ECONOMYNEXT – Sri Lanka’s maize prices have soared and fears of aflatoxin in poultry feed are growing as businesses newly displaced by import controls got into corn speculation without safe storage and prior experience, an industry official said.
Prices of maize, a the key ingredient of chicken feed have soared to around 88 to 90 rupees a kilogram as a part of the Maha harvest was bought up by businesses displaced by import controls with maize itself banned to promote ‘import substitution’.
Sri Lanka is facing foreign exchange shortages amid unprecedented money printing by the central bank under so -called ‘Modern Monetary Theory’, triggering 1970s styles state interventionism and import substitution.
“In the last season maize went up to 110 rupees a kilogram,” Ajith Gunasekera, President of the All Island Poultry Association said.
“So people like car importers have bought maize. But they do not have proper storage, so they have put whole maize cobs in gunny bags and are keeping them. They have no moisture control.”
The maize speculation is a classic fallout of money printing or one of several results of what classical economists call ‘inflation’.
The inflation of money supply results in mal-investments, commodity bubbles as well as asset price inflation.
Some of the effects of ‘inflation’ are not captured by state compiled inflation indices which are designed to understate price spikes, especially in foods and energy commodities.
Sri Lanka’s stocks have also soared with businessmen displaced by the import ban getting into stocks. Some stock punters also expressed disappointment in online forums for not buying turmeric and green gram whose prices have soared after import bans.
Turmeric would have returned higher than stocks they pointed out.
To safely store, maize has to be dried and the moisture content kept below 14 percent.
Sri Lanka’s so-called ‘maize Mafia’ that collect the grain and drive up prices in collusion with the elected ruling class and bureaucrats have built silos and also use dryers to control the growth of fungus and the build-up of aflatoxin to a great extent, industry analysts say.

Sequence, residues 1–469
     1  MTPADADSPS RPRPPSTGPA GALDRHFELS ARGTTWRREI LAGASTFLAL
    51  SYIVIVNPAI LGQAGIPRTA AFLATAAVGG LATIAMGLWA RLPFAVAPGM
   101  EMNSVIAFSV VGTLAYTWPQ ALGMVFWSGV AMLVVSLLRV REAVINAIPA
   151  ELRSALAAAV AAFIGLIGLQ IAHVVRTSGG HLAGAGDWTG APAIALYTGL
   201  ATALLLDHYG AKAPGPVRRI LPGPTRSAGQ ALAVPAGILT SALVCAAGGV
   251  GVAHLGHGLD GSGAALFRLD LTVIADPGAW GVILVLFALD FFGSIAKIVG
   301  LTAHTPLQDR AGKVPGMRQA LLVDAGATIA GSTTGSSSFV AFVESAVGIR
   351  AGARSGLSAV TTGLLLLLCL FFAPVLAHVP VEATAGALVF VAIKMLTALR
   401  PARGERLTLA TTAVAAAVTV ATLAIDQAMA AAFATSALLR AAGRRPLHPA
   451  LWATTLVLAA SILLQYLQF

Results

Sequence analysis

“Poultry famers do want use maize with high levels of aflatoxin,” Gunesekera said.
Gunasekera said in 2020 there had been rain in March which disrupted the drying of maize corns.
Some in the maize supply chain dry corns on the roadside using the dry weather in March.
The rains had worsened the problem in 2021.
Industry analysts have said in the past that Sri Lanka maize farming is not export competitive partly due to import tax protection which had discouraged productivity improvements like paddy and potatoes, but also higher than permitted aflatoxin levels.
The Aflatoxin generating fungus is believed to pass onto the corn from the soil. Aspergillus flavus species is mostly linked to corn.
Past research has found up to 60-70 part per billion of Aflatoxin B1, in tested samples of corn kernels above the 20 ppb or so permitted level set by international food regulatory agencies such as the US FDA, especially in the Anuradhapura district, where prevalence in the soil seem to be greater.
Sri Lanka’s poultry sector is a textbook case of state interventions, policy shocks that hit small businesses for students of economics to study and learn, analysts say.
Sri Lanka poultry farmers have been squeezed in multiple ways by state interventions with a politically backed ‘maize mafia’ driving up corn prices with the use of import duties and permits, while a price control agency slams ceiling on the chicken meat driving small farmers out of business at times.
Sri Lanka’s chicken prices have surged to around 700 rupees in April 2021, while corn prices and day old chick prices have also gone up.
In April the government has issued permits to import husked corn to poultry sector to make feed, amid the maize import ban.
Maize is cheaper than corn to import. (Colombo/Apr21/2021)